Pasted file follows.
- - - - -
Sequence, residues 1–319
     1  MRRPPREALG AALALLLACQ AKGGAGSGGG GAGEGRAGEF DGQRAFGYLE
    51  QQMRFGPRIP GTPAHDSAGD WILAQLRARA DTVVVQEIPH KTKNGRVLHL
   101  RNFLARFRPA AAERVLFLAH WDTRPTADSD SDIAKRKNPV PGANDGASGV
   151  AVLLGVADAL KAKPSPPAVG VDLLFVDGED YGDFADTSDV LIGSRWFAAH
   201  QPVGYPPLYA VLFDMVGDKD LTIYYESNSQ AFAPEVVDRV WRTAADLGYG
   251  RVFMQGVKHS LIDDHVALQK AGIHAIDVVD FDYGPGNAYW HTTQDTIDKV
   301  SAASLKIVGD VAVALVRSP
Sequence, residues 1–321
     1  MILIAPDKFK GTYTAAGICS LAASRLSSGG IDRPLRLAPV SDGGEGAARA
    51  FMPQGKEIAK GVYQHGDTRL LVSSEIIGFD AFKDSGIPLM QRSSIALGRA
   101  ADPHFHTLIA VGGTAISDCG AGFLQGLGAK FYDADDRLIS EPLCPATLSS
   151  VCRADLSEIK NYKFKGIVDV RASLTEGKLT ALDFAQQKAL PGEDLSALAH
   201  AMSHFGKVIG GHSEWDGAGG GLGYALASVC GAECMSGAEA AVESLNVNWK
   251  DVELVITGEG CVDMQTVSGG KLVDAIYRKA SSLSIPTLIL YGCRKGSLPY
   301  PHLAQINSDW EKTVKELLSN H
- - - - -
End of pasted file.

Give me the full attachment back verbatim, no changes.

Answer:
Sequence, residues 1–319
     1  MRRPPREALG AALALLLACQ AKGGAGSGGG GAGEGRAGEF DGQRAFGYLE
    51  QQMRFGPRIP GTPAHDSAGD WILAQLRARA DTVVVQEIPH KTKNGRVLHL
   101  RNFLARFRPA AAERVLFLAH WDTRPTADSD SDIAKRKNPV PGANDGASGV
   151  AVLLGVADAL KAKPSPPAVG VDLLFVDGED YGDFADTSDV LIGSRWFAAH
   201  QPVGYPPLYA VLFDMVGDKD LTIYYESNSQ AFAPEVVDRV WRTAADLGYG
   251  RVFMQGVKHS LIDDHVALQK AGIHAIDVVD FDYGPGNAYW HTTQDTIDKV
   301  SAASLKIVGD VAVALVRSP
Sequence, residues 1–321
     1  MILIAPDKFK GTYTAAGICS LAASRLSSGG IDRPLRLAPV SDGGEGAARA
    51  FMPQGKEIAK GVYQHGDTRL LVSSEIIGFD AFKDSGIPLM QRSSIALGRA
   101  ADPHFHTLIA VGGTAISDCG AGFLQGLGAK FYDADDRLIS EPLCPATLSS
   151  VCRADLSEIK NYKFKGIVDV RASLTEGKLT ALDFAQQKAL PGEDLSALAH
   201  AMSHFGKVIG GHSEWDGAGG GLGYALASVC GAECMSGAEA AVESLNVNWK
   251  DVELVITGEG CVDMQTVSGG KLVDAIYRKA SSLSIPTLIL YGCRKGSLPY
   301  PHLAQINSDW EKTVKELLSN H